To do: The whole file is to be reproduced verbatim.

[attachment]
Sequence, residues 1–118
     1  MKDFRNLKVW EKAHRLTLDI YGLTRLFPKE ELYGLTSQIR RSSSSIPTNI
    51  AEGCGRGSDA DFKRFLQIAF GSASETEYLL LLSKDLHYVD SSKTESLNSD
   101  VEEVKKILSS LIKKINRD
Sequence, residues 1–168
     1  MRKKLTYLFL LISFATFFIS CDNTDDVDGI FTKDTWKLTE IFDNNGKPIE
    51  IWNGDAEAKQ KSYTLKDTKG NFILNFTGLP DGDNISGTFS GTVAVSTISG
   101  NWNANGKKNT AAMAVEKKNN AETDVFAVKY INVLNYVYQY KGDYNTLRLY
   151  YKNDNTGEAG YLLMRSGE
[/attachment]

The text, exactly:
Sequence, residues 1–118
     1  MKDFRNLKVW EKAHRLTLDI YGLTRLFPKE ELYGLTSQIR RSSSSIPTNI
    51  AEGCGRGSDA DFKRFLQIAF GSASETEYLL LLSKDLHYVD SSKTESLNSD
   101  VEEVKKILSS LIKKINRD
Sequence, residues 1–168
     1  MRKKLTYLFL LISFATFFIS CDNTDDVDGI FTKDTWKLTE IFDNNGKPIE
    51  IWNGDAEAKQ KSYTLKDTKG NFILNFTGLP DGDNISGTFS GTVAVSTISG
   101  NWNANGKKNT AAMAVEKKNN AETDVFAVKY INVLNYVYQY KGDYNTLRLY
   151  YKNDNTGEAG YLLMRSGE